Debian developers seek new leader

Debian developers seek new leader

Summary: Potential candidates have until 25 February to put themselves forward for the position of Debian Project Leader

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The Debian Linux distribution is seeking a new leader.

Nominations for the unpaid position of Debian Project Leader (DPL) opened last week. The successful candidate will take over from current incumbent Anthony Towns in April.

The DPL is the most powerful person involved in the Debian project, which is an attempt to develop a free operating system. Each DPL serves a 12-month term of office, during which they are the official representative of the distribution. The DPL is responsible for promoting Debian at conferences and trade shows, and for building relationships with not-for-profit and commercial organisations. The DPL also has the casting vote on how Debian's finances are spent and can make urgent decisions without deferring to others.

Any of Debian's 1,016 developers can put themselves forward for the position prior to the deadline of 25 February. Candidates must provide a statement arguing why they should be the next DPL, and they are allowed to campaign for three weeks after the 25 February deadline. Debian developers can then cast their vote between 18 March and 8 April. The new term of office starts on 17 April.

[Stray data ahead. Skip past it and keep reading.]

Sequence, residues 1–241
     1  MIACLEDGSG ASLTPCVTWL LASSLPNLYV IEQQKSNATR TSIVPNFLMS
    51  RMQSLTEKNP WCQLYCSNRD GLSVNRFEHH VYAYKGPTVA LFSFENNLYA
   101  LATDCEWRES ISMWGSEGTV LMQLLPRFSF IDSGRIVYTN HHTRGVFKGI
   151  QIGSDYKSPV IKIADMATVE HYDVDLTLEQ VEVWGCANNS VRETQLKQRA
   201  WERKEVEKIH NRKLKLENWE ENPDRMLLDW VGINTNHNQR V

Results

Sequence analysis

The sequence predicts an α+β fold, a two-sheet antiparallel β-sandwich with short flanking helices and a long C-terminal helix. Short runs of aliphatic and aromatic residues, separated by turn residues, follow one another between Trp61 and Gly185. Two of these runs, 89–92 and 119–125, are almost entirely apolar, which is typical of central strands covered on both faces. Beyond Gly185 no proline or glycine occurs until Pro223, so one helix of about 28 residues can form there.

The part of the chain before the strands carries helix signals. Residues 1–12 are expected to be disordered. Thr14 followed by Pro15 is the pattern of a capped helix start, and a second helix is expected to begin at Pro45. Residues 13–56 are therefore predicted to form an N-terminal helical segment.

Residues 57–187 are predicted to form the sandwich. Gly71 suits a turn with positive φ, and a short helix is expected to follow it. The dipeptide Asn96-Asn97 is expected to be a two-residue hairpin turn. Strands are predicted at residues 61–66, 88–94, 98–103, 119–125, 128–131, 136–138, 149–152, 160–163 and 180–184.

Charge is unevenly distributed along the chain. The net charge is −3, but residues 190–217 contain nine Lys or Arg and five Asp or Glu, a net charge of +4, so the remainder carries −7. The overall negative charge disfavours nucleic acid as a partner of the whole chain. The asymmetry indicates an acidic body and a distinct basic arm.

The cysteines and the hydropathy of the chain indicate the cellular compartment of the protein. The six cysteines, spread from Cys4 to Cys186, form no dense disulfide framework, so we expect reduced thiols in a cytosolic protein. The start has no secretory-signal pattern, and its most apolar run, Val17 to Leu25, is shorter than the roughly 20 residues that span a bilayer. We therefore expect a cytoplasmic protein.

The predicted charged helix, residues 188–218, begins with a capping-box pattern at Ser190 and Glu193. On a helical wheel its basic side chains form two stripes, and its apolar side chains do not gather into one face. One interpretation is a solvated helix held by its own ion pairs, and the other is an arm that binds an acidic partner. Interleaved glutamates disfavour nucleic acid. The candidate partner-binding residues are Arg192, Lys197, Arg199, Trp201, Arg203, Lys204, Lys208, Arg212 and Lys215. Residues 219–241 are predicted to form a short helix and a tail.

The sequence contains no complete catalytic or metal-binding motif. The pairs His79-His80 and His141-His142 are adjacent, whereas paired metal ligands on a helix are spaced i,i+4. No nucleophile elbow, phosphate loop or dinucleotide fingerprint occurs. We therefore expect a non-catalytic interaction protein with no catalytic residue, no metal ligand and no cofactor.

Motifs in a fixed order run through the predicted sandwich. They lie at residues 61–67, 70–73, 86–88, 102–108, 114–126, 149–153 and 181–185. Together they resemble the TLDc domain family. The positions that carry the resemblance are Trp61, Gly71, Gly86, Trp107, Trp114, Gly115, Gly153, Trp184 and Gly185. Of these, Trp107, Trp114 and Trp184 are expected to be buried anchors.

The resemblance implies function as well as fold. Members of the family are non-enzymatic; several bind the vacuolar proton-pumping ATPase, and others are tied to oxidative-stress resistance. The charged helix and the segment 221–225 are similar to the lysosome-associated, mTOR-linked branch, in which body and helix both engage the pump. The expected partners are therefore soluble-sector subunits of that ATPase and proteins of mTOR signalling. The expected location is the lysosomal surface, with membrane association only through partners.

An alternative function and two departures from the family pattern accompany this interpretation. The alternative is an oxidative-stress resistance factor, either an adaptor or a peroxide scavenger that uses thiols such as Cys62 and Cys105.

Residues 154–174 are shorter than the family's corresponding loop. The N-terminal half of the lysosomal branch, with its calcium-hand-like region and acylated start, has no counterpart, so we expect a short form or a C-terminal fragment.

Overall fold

The position of DPL is generally held by an experienced and well-respected Debian developer. Towns has been working on the distribution since 1998, during which time he was release manager for Woody, the third version of Debian, which was released in 2002.

The fourth version, code-named Etch, is expected to be released either in late February or March this year. It has been delayed due to a slowdown in the work rate of some developers following the making of financial payments last autumn to Etch's two release managers.

Topic: Tech Industry

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  • Other interpretations in the delay of Etch are likely

    Although there is some evidence that work slowdowns may have been the cause of Etch's delayed release, I am not convinced. My understanding is that the biggest hurdles to the release were a buggy kernel (Debian's 2.6.18-3 kernel toasted many peoples filesystems!!!) and the corresponding delay in the Debian installer's release. I am not convinced that those individuals participating in the work slowdown were critical to the kernel fix-up.

    CJ Fearnley
    President & CEO
    LinuxForce, Inc.
    http://www.LinuxForce.net
    cjfsyntropy